Thursday, October 9, 2014

Generalissimo Stalin: The Myth of Stalin as a Great Military Strategist by Boris Gorbachevsky

Boris Gorbachevsky's "Generalissimo Stalin" offers a bit of a mixed bag for readers.  The author, a veteran who went through the war and wrote his memoirs (translated under the title "Through the Maelstrom"), presents a rather polemical text for the reader.  The best parts of the book, for me, among the 300+ pages are the author's personal experiences, as well as the various interactions he had with veterans and survivors of the war.  Much of the narrative revolves around the battles for Rzhev, where the author fought, and where to this day there are still many questions left unanswered about the numerous operations that took place from 1941-1942 and the losses sustained by the Red Army.  The author relates interesting anecdotes, reminiscences, and recollections that make for a valuable addition to literature on the Eastern Front and the Soviet Union.  Then, there are stories that seem more apocryphal than true, but in the end I lean toward believing them as accurate since having read on the Second World War for over a decade I stopped being surprised and impressed with the amount of suffering, heroism, stupidity, and ignorance that was displayed by millions of men and women on a daily basis.

One of the more interesting chapters deals with Aleksandr Korneichuk's play "The Front."  This was written in August of 1942 and served as a warning to those of the "old guard", veterans from the Civil War, that the modern requirements of this war needed young, energetic commanders to take the reigns.  The play served as a validation of Stalin's scapegoating and shifted the blame for the defeats of 1941 and early 1942 onto the shoulders of commanders and away from Stalin himself.  The chapters that deal with the Yalta Conference lean on conjecture more than factual data and there are various generalizations made that have become a cornerstone of propaganda against Stalin and the Soviet state of the time, whether deserved or not.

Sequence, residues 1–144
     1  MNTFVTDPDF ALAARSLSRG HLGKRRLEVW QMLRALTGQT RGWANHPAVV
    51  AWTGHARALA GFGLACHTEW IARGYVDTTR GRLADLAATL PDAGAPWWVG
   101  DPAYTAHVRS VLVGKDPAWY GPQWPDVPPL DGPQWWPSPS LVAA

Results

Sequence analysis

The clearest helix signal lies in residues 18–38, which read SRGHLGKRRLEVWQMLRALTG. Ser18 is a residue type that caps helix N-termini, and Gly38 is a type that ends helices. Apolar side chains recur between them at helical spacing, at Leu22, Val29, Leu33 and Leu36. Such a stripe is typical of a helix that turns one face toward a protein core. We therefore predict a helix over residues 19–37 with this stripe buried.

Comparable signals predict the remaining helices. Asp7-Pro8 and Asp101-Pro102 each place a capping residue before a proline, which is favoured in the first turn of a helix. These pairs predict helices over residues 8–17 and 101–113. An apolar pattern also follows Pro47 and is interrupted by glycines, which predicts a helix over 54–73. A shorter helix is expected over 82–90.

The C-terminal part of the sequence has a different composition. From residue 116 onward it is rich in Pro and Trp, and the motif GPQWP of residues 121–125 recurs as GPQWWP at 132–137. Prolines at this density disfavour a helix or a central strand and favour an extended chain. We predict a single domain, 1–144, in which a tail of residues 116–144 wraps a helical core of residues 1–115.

As mentioned, the volume is written as a polemical work, and in most cases, it's arguing against the memory of Stalin and the Great Patriotic War that was crafted during the war itself and in the post-war period and remains, in many ways, evident even today.  Some of the other subjects covered are the last days of the war and the Battle for Berlin, the meeting on the Elbe between US and Soviet forces, the uprising in Prague by the 1st Division of Vlasov's Army, and the allied contribution to the war.  Often the author engages in mock conversations with the reader, including the introduction of rhetorical questions.  This style will be familiar to those who've read Russian volumes on the Stalinist period, which fuses history, reminiscences, hypotheticals, etc., together.  In some ways Gorbachevsky himself is guilty of propagating Soviet era myths in that he consistently ridicules the narrative developed under Stalin's leadership and after, but himself praises the exceptional environment Red Army soldiers found themselves in and were able to overcome.  He falls into the trope that says the Red Army and Soviet population won the war in spite of Stalin rather than thanks to him.  This idea was developed under Khrushchev, who did his best to place all blame on Stalin's shoulders and focus more on the party and people for the Soviet victory in the war.  Additionally, after explaining how weak western knowledge is in regards to the Eastern Front, mainly based on German recollections due to the limits the Soviets placed on what could be written about the war, the author then goes on to quote and lean on German sources to support many of his points.

There are quite a few weaknesses evident throughout this work.  First, there is a clear lack of citations and sources, something amateurish efforts in the west are also guilty of, but from my readings in Russian it's somewhat more rampant there, even with historians.  This is a double edged sword because it means there is interesting information presented but not well sourced, or  simply not sourced at all.  Secondly, Gorbachevsky references controversial authors like Mark Solonin whose theories about why the Red Army was defeated so categorically in 1941 have been proven to be fallacious (he argues it was because Soviet soldiers had no desire to fight for a regime that had so severely abused its population; good luck proving that since the majority of Soviet prisoners of war taken in 1941 were dead after the first winter).  There are also a few inconsistencies and minor errors, as when the author argues that the name 'Great Patriotic War' was only applied to the war in November of 1944, when it was actually used on the second day of the war, June 23, 1941.  For all of the above reasons, I would say this is a work for those familiar with the Eastern Front.  Those without in-depth knowledge will undoubtedly be lost by all the names, dates, events, authors, and arguments presented and might walk away with a skewed view of a subject that needs objectivity more than anything else, especially today.

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